1 Brand Name Company To "Buy", And 1 Company To Aggressively "Buy"
David is a member of The Motley Fool Blog Network -- entries represent the personal opinion of the blogger and are not formally edited.
It has been well reported that 4 out of 5 mutual funds underperform the market. I believe that this says a lot about the legitimacy of those who claim to have master "stock picking" abilities. Here is an instance where an organization is operated so that each member of the team carefully reviews an industry and a few companies to determine whether or not the portfolio should be "buying", "selling", or "holding". It sounds like a meeting of the experts and a perfect way to maximize efficiency. But if the results are simply not there then what does that say about the market? In my view, the efficient markets hypothesis largely explains why there is a lot of guesswork in stock picking. Much evidence points to stocks moving in a random walk. At the same time, I strongly believe that investors can back value plays along the edges and generate substantial returns. Below, I review the fundamentals of 1 brand name company that I believe you should have a small position in and 1 brand name company that I believe you sould have a large position in.
Kraft (NASDAQ: KRFT)
Over the last 12 months, this food producer has beaten the Dow Jones by nearly 1,200 basis points with a 13.9% return. The company offers a dividend yield of 2.9% while forecasted for solid 10.8% annual EPS growth over the next 5 years. At a forward earnings of 14.5x, Kraft falls somewhere between a light value investment and a defensive play. Analysts thus rate the stock a 1.8 out of 5 where 5 is a "sell", according to FINVIZ.com.
The company has started to shift its focus to the Middle East and China in order to revitalize interest in its snacks division. The Nabisco Arabia plant, which produces Oreo cookies and Ritz crackers, will be expanded in order to accommodate growing demand. It is, in a way, a supply-push measure to create demand. Management continues to attempt to try new launches in the Middle East - a trial and error method that has led to successful results. Cake-flavored Oreo cookies in China have, for example, demonstrated a willingness to experiment that many more conservative peers would steer away from. In the long term, I believe this is the chief way for a food business to develop its catalysts.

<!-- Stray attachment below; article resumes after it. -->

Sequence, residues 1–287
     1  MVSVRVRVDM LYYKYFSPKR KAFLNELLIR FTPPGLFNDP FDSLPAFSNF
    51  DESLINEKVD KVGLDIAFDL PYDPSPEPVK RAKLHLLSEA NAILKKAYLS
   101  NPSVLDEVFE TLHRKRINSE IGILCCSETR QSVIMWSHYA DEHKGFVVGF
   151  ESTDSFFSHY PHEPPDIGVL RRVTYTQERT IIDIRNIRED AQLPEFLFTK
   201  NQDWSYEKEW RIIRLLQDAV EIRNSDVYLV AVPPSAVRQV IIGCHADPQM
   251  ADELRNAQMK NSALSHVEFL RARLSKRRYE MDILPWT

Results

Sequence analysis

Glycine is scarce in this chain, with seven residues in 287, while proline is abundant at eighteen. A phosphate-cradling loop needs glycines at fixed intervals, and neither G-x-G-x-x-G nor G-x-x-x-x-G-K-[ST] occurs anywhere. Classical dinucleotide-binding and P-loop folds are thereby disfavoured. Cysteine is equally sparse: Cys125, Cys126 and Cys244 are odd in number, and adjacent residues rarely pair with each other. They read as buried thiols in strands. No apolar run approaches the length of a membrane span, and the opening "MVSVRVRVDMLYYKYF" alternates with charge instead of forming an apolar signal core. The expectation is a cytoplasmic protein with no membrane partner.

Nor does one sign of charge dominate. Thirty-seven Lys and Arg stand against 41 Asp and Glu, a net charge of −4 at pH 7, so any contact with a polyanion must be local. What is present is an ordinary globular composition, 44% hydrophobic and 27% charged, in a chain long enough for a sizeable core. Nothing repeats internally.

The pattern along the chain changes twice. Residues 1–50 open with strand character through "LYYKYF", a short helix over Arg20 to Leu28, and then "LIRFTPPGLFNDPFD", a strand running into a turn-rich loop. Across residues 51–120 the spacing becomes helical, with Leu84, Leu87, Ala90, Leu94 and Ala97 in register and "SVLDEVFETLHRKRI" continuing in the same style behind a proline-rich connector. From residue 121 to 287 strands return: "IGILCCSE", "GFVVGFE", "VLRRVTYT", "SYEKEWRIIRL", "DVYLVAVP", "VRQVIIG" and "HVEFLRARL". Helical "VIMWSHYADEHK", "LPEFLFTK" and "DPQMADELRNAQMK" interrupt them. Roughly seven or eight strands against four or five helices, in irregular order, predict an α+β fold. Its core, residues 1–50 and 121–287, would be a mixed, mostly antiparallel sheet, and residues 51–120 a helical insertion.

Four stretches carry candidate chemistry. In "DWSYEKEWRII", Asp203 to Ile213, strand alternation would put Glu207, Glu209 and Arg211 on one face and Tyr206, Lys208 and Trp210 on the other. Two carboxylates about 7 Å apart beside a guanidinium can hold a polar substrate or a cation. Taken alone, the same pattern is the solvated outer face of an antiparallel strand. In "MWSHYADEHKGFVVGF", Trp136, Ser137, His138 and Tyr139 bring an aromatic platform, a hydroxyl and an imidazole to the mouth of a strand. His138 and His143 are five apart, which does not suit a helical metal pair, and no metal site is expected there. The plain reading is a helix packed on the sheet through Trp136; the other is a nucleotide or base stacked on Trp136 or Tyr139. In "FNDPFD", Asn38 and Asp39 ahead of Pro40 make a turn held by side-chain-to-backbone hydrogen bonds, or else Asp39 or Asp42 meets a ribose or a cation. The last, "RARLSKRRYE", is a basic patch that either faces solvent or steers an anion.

Assuming growth expectations are met and the company trades at a 17x multiple, the value of the stock in 2016 would be $64.12. Discounting backwards by 8% yields a present value slightly higher than the current valuation. Thus, I recommend only buying a light position.
Bristol-Myers (NYSE: BMY)
Unlike Kraft, Bristol is a very attractively priced stock with an impressive moat. While multiples are high at 15.9x forward earnings, the brand name firm offers a generous dividend yield of 4.1% and less than half of the volatility of the broader market. Analysts only anticipate 1.1% over the next half decade, which sets a very low bar for a firm that has taken off like a rocket over the past half-decade.
What is the reason for the pessimism? Just like other BioPharma players, Bristol will face a wave of patent cliffs. The first of which are exclusivity losses for Plavix and Avapro in 2012. This will be followed by exclusivity losses for Abilify and anti-infectives between 2014 and 2015. While Bristol comes across as a safe investment, it isn't clear how undervalued it is. Ultimately, if it grows 5% annually from the expected $1.87 EPS trough in 2013 and trades at a 15x multiple, the stock should be worth $30.90 in 2016. It is currently worth $34.73, so there will be downward pressure on the stock unless earnings momentum materializes.
There are several reasons to be optimistic about the fundamentals. Pipeline products, particularly cancer drug Yervoy and atrial fibrillation drug Eliquis, will offset generic competition. The company is also exploring the high-risk STD market, which will attract investors away from Gilead (NASDAQ: GILD). Onglyza, Yervoy, Sprycel, and Orencia provide a compelling lineup that few companies match. Speculation over each of their success will keep valuation elevated and allow for steady dividend income streams to come rolling in. Accordingly, I recommend buying a substantial amount of shares.
TakeoverAnalyst has no positions in the stocks mentioned above. The Motley Fool has no positions in the stocks mentioned above. Motley Fool newsletter services recommend Gilead Sciences. Try any of our Foolish newsletter services free for 30 days. We Fools may not all hold the same opinions, but we all believe that considering a diverse range of insights makes us better investors. The Motley Fool has a disclosure policy.If you have questions about this post or the Fool’s blog network, click here for information.